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Top 15 Outfielder Prospects

by Matthew Foreman
Updated On: October 4, 2018, 4:09 pm ET

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While some of the top prospects in the minor leagues are outfielders, there is a lack of elite outfield prospects past the top two.  Much of the value of Hamilton, Springer and Bradley comes from their proximity to the major leagues, while Dahl, Polanco and Frazier could be the best players on this list after Buxton and Taveras.  The potential of Starling and Brinson are sky-high, but poor pitch recognition and swing-and-miss concerns may doom them into a Greg Goldson-like career.

 

 

Rank Name Team
1 Byron Buxton Twins
2 Oscar Taveras Cardinals
3 Billy Hamilton Reds
4 Gregory Polanco Pirates
5 George Springer Astros
6 Jorge Soler Cubs
7 Clint Frazier Indians
8 Joc Pederson Dodgers
9 Jackie Bradley Red Sox
10 David Dahl Rockies
11 Austin Meadows Pirates
12 Jorge Bonifacio Royals
13 Bubba Starling Royals
14 Lewis Brinson Rangers
15 Michael Choice A's
16 Jesse Winker Reds
17 Brandon Nimmo Mets
18 Rymer Liriano Padres
19 Phillip Ervin Reds
20 Kyle Parker Rockies
21 Cesar Puello Mets
22 Nick Williams Rangers
23 Tyler Austin Yankees
24 Mason Williams Yankees
25 Stephen Piscotty Cardinals

 

 

1.    Byron Buxton, Twins (Finished 2013 in High-A, projects to open 2014 in AA)

 

Almost universally viewed as the top prospect in baseball, Buxton made short work of A-ball and High-A in 2013, putting together an almost unprecedented .334/.424/.520 line with 19 doubles, 18 triples, 12 home runs and 55 stolen bases.  A five-tool centerfielder who projects as a .330/.400/.500 hitter who could go 30/30 every year, Buxton is the rare prospect with an MVP upside and a major league regular floor.  While AA will be a big test, Buxton could be the next great two-way center fielder in Minnesota.  His fantasy comparison, while possibly hyperbolic, is Mike Trout.

 

2.    Oscar Taveras, Cardinals (Finished 2013 in AAA, likely to return for 2014)

 

Taveras had an injury-shortened 2013, which effectively ended in late June due to an injured right ankle.  Expected to be at full strength by the start of spring training, Taveras is, again, blocked in St. Louis.  With Matt Adams expected to take over at first base, shifting Allen Craig to right field, and Peter Bourjos starting in center field, John Jay and Shane Robinson are left to serve as extra outfielders.  Taveras is unlikely to get promoted unless there is consistent playing time, but he will leapfrog Jay and Robinson in the event of an injury.  Taveras projects as a .300/.400/.500 hitter who hits in the middle of a lineup for the next decade.  Though he may never have his peak power, his fantasy comparable is Matt Holliday, right down to the 15 stolen bases per year.

 

3.    Billy Hamilton, Reds (Finished 2013 in majors)

 

The fastest baseball player in recent memory, Hamilton exploded onto the scene with 103 stolen bases in 2011, which he followed up with a record-setting 155 stolen bases in 2012.  He will be a threat to steal 100+ bases ever year, but he may never hit .300 and may hit only a handful of out of the park home runs during his career.  Comparable is Vince Coleman, who averaged 102 stolen bases per 162 games during his first six seasons, but hit .265/.326/.339.  If he hits .300, he will be more similar to Juan Pierre, who has a career .297/.347/.368 line.  He will start in centerfield in Cincinnati, but his stolen base totals and overall productivity may be muted by his inability to drive the ball.

 

4.    Gregory Polanco, Pirates (Finished 2013 in AAA, likely to return in 2014)

 

Polanco exploded in 2012, going from hitting .237/.322/.346 in Rookie to .325/.388/.522 in Class A.  Polanco continued in 2013, hitting a combined .285/.356/.434 in High-A and AA before a two-game cameo at the end of the AAA season.  He projects as a .280/.375/.450 hitter with 20 home runs and 30 steals every year.  Polanco may have trouble cracking the major league roster in 2014, as the outfield is full and Travis Snider will serve as the extra corner outfielder.  His fantasy comparable is Starling Marte.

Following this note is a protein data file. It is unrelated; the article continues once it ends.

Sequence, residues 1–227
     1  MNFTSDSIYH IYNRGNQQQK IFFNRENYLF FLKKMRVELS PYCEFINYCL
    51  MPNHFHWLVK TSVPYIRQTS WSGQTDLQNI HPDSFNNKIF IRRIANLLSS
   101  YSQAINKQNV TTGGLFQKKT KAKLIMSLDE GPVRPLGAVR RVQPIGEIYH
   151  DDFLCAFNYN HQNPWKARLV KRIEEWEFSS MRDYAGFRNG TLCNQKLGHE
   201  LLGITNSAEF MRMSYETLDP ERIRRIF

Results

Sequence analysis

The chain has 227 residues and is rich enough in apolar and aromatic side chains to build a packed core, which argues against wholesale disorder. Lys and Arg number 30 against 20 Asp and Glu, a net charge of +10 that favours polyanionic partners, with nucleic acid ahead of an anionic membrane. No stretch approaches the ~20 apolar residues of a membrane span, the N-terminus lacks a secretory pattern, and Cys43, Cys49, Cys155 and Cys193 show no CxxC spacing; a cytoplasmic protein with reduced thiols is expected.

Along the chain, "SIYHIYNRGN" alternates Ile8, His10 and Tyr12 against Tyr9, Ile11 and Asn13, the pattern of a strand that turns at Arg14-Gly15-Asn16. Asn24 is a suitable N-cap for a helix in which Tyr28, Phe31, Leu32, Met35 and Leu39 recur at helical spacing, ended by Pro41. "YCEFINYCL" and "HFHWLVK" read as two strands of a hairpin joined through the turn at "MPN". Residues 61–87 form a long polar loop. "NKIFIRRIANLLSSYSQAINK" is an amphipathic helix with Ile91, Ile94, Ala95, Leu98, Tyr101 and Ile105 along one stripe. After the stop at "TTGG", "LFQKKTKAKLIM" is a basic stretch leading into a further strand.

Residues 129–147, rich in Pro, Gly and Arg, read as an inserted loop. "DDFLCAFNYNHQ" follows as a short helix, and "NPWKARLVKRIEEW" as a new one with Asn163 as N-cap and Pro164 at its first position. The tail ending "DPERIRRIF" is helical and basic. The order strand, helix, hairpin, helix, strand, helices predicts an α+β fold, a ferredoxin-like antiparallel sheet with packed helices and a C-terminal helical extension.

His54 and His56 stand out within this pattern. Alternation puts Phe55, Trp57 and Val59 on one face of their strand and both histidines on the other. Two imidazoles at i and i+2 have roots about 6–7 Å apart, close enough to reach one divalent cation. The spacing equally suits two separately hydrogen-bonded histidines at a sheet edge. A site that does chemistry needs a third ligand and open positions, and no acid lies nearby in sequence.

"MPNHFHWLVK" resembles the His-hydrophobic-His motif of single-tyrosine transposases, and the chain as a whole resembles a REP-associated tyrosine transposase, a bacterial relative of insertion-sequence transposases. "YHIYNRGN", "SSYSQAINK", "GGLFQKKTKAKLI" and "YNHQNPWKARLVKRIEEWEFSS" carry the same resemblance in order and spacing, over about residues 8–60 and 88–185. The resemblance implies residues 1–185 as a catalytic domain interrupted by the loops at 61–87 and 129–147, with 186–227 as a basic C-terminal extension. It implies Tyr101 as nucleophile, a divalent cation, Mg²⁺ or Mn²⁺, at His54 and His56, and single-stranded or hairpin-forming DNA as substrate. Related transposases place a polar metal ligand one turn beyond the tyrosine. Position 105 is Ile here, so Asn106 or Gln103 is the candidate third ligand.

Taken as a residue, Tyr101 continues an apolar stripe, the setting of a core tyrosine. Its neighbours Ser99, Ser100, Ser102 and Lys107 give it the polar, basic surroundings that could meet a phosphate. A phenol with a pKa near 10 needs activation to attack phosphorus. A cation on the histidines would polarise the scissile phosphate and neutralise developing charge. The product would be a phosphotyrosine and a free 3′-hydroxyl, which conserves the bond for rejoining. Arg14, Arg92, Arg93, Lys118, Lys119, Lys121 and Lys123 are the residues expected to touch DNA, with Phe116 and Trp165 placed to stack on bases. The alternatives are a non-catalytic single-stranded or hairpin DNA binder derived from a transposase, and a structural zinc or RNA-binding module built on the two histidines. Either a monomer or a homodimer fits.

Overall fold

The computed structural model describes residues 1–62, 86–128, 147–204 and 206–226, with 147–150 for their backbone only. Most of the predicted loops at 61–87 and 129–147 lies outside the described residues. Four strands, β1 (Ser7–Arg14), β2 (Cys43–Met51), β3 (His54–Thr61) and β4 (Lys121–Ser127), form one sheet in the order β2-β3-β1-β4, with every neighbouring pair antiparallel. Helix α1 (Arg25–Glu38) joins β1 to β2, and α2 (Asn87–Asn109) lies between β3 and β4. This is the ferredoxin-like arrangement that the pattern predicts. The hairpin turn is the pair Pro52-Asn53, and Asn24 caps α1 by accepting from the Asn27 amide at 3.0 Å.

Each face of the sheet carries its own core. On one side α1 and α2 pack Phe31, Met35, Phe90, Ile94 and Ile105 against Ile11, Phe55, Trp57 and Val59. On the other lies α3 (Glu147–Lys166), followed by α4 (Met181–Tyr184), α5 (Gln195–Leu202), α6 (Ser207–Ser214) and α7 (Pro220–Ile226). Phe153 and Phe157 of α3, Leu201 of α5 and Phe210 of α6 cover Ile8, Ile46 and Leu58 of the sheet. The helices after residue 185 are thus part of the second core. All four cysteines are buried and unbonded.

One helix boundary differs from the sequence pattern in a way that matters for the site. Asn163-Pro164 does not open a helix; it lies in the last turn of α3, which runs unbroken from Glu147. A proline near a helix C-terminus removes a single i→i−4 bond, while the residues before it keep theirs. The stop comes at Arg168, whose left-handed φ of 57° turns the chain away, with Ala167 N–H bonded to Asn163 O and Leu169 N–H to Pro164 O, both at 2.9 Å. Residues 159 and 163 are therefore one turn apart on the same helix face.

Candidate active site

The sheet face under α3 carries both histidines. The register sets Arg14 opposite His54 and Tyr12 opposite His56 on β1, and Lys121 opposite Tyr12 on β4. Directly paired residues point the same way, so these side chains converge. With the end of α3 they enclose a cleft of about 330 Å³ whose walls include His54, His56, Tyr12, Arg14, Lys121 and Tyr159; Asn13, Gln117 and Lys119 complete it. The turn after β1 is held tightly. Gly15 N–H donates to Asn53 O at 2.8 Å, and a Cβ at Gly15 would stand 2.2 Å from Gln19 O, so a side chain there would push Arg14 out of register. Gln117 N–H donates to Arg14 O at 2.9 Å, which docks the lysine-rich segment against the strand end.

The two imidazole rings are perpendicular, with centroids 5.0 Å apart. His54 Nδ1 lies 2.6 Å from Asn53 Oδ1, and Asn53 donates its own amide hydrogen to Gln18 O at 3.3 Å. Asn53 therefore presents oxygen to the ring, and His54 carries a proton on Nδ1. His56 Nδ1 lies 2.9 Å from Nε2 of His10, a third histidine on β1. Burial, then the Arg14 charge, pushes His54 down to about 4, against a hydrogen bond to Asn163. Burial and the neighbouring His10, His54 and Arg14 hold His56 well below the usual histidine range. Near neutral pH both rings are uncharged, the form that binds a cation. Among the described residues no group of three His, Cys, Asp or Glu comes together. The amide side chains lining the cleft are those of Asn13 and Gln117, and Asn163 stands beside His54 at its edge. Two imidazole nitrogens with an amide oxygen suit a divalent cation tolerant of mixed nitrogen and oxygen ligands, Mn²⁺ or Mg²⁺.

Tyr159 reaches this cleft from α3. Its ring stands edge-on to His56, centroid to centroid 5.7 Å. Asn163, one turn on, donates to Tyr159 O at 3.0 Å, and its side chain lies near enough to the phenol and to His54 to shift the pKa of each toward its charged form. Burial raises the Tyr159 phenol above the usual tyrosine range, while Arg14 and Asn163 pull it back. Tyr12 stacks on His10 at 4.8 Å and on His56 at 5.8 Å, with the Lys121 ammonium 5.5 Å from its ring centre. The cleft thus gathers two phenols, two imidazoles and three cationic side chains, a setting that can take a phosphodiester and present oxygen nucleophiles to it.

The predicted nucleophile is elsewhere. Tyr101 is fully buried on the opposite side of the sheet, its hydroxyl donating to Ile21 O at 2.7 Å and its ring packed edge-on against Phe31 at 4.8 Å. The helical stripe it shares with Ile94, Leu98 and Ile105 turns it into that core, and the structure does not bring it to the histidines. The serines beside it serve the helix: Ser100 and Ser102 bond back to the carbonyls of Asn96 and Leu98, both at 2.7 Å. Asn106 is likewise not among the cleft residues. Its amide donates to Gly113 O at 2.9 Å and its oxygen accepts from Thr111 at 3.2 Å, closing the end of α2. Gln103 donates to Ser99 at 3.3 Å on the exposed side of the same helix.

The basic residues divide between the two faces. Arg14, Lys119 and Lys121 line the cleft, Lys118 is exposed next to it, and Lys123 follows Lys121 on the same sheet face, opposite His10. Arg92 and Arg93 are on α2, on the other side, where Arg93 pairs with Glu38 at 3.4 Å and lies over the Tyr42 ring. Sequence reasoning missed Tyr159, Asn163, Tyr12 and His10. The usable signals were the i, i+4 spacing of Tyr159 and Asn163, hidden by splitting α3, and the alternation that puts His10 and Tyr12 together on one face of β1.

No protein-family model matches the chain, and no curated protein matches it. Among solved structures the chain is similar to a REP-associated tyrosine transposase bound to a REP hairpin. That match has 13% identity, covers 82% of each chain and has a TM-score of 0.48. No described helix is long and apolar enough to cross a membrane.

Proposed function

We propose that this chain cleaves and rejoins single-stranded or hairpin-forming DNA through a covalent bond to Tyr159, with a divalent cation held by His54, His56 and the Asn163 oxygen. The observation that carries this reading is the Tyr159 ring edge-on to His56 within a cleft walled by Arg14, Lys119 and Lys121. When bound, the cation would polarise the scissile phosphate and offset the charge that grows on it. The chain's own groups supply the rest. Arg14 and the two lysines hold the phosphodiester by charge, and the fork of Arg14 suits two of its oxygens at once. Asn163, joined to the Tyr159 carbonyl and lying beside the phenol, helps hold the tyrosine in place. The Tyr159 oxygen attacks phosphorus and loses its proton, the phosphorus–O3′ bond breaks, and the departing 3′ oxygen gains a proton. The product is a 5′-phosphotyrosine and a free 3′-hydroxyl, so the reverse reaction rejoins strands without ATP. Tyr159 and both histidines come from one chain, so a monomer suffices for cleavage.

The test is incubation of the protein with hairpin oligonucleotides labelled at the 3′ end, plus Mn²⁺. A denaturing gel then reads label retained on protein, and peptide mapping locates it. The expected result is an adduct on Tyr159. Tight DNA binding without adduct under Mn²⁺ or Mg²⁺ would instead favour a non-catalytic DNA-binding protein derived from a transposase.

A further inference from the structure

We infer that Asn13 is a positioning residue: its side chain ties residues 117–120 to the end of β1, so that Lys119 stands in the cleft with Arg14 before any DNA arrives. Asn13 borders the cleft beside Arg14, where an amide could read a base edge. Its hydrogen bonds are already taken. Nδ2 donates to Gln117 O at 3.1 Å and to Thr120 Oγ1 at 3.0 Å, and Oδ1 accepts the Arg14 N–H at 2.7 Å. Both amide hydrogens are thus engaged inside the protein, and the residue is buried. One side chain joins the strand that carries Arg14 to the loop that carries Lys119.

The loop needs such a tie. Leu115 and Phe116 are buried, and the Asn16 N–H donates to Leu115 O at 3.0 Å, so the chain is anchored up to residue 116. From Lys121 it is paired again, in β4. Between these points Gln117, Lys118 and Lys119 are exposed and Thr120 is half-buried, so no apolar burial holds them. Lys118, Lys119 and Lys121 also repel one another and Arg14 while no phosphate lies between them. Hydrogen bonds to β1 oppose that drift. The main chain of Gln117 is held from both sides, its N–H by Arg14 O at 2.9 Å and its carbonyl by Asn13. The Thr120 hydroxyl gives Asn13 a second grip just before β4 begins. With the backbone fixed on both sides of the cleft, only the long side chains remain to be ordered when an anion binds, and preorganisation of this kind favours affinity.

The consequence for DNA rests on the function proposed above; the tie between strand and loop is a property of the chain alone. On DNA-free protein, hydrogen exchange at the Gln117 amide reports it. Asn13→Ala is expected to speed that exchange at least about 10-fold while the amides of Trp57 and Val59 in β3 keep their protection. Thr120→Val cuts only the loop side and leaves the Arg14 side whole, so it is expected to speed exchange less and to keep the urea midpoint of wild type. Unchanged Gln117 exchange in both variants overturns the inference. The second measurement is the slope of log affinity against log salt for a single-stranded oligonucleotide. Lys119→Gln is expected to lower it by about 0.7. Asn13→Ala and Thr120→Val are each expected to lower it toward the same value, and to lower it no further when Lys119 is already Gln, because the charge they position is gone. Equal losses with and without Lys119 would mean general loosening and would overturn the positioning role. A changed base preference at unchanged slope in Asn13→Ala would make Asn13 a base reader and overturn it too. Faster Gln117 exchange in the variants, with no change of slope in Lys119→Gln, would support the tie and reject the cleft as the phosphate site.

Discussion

5.    George Springer, Astros (Finished 2013 in AAA, likely to open 2014 in majors)

 

Springer put up an amazing .303/.411/.600 line between AA and AAA in 2013, hitting 37 home runs and stealing 45 bases.  While it is highly unlikely he will ever put up a similar stat line in the majors, Springer’s power and speed are for real.  Springer is already an above-average center fielder that could hit .275/.350/.500 with 25 home runs and 30 stolen bases at his peak, but his penchant for striking out (319 in 271 professional games) could severely limit his productivity and turn him into a .220/.290/.380 hitter.  His fantasy comparable is Colby Rasmus with 30+ stolen bases, though a Mike Cameron comparison is not out of the question.

 

6.    Jorge Soler, Cubs (Finished 2013 in High-A, expected to start 2014 in AA)

 

Despite playing only one month in Series Nacional in Cuba before being suspended (for trying to defect), Soler signed a nine-year contract with the Cubs worth $30 million in June 2012.  Soler had a productive but not particularly notable year, unless you count when he threatened an entire team’s bench with a bat after a bench-clearing brawl.  After the suspension, Soler played without major incident until his season ended with a stress fracture in his left tibia in mid-June.  He projects as a prototypical right fielder with a strong arm and copious power, capable of putting up a .270/.340/.500 line with 30 home runs and 10 stolen bases.  His fantasy comparable is Jay Bruce, though he will be better at minimizing strikeouts.

 

7.    Clint Frazier, Indians (Finished 2013 in Rookie, likely to open 2014 in A)

 

The 5th overall pick in the 2013 draft, Frazier has shown a quick, powerful bat and solid athletic ability that could lead to his becoming an elite fantasy player.  Frazier may bounce between a below-average center fielder with a good arm to a above-average right fielder that lacks the cannon more commonly associated with the position.  While it is unlikely that Frazier will ever lead the league in anything, he has the talent to be a .290/.350/.475 hitter with 25 home runs and a few stolen bases.   A fantasy comparable is Wil Myers, though that may be overstating his power potential.